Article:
of Classical programmes on Classic FM as well as Jazz), Peter Strange,
trombonist, composer, arranger and close colleague from his time with the
Humphrey Lyttelton band, Alan Elsdon and wife June, the two well-known
ex-Manchester colleagues mentioned in my opening paragraph, now living in
southern England, the whole of THE MIDNIGHT FOLLIES down to a man - who played
some lovely, appropriate Jazz during the funeral procession, and the whole of
the KEITH NICHOLL'S ensemble was there too, and sidemen from the Randy's famous
COLEVILLE COLLECTION (which Randy told me only 2 years ago played the old
arrangements and his own compositions - such as his 3/4 piece: "Highland
Swing" plus "Broadway", "Riverboat Shuffle", "South
Rampart Street Parade", "Whisper not" - that we used to
play in his second version of the OLD FASHIONED LOVE BAND in the early
Present also, were ex-colleagues and ex-pupils of Randy's from his recent
workplace the, MID-KENT COLLEGE, Rainham, Gillingham, where he taught for a
quarter of a century and turned out an endless stream of great interpreters and
performers of Jazz and Classical Music. They played some fine classical strings
and woodwind pieces - magnificently - a credit to their old and worthy Master.
Randy himself had first "played us into the chapel", with that
magnificent clarinette tone of his, with both Classical and Jazz pieces. It was
all wonderful - not like a funeral at all; more like a get-together to share old
memories - a real celebration of the man's very busy and productive musical
life. Knowing how long it would take for countless individual 'celebration'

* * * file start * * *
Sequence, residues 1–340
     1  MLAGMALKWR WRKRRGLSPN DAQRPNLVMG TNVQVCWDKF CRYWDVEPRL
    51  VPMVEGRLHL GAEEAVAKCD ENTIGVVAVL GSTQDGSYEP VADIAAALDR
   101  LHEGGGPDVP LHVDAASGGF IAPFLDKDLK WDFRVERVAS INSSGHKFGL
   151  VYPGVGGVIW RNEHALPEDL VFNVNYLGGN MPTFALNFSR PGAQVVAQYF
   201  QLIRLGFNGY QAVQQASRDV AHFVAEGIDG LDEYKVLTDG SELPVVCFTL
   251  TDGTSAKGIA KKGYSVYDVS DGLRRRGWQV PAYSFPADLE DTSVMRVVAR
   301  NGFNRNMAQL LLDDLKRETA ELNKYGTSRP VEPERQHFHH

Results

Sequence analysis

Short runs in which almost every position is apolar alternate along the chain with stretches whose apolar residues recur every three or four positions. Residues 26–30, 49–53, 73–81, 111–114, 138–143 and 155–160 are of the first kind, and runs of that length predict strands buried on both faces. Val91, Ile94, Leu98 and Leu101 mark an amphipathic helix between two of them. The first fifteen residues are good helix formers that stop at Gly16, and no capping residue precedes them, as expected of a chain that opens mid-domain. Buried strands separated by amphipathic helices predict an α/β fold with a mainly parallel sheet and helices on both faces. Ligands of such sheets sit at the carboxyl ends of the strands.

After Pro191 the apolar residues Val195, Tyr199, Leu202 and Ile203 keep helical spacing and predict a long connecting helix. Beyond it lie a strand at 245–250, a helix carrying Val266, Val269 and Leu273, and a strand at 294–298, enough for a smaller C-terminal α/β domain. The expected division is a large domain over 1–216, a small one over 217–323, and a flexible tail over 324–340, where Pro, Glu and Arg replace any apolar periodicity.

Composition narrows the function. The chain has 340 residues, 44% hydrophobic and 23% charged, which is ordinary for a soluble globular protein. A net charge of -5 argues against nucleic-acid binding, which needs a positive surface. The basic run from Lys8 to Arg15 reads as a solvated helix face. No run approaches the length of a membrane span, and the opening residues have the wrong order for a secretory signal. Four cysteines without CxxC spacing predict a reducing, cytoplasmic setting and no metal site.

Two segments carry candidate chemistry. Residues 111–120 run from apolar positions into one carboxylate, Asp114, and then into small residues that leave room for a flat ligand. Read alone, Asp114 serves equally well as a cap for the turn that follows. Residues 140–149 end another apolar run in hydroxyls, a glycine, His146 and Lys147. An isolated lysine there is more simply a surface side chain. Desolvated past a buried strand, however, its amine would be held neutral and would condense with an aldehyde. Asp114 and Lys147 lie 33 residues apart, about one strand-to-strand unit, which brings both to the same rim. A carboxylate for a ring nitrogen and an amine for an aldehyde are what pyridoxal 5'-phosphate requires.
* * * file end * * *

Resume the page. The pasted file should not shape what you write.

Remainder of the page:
stories to be recounted, it had been tactfully decided to confine this task to
both the chapel's Minister and Pete Strange. Many amusing tales were told in the
short space of time at their disposal and Pete gave him a really fitting and
tasteful eulogy and send-off on behalf of us all, during which he briefly
produced an entire life history of our sadly departed friend. When asked if
Randy might be playing in a band, UP THERE right now, Pete replied "I
should think in many bands, and he'll be telling them how to do it". He won
a thundering round of aplause - so strange and unexpected at a funeral service!
- but perfectly apt at the time.
I was rather disappointed that the present Manchester Evening News, who made
such journalistic capital out of Randy (and indeed out of all those of us who
set up, upheld and made up the very fabric of the local Jazz community, without
whom there would never have been a 'Local Jazz Scene'), when it suited them in
the past, but who never even mentioned Randy's passing - although I had informed
with plenty of time via two prominent sources about Randy's death, when
"THE INDEPENDENT" allowed our famous old Jazz critic friend Steve Voce
to provide a finely composed mini-biography of Randy covering about a sixth of a
page. He was so famous on the local Jazz scene, between the 60s and 80s; surely
he deserved at least 2 column-inches of space, for the sake of Manchester's Jazz
community, whom he thoroughly entertained, often in open-mouthed admiration for
so many years!
Stay well, old friends, look after your health. No more funerals please! Every
good wish to you all.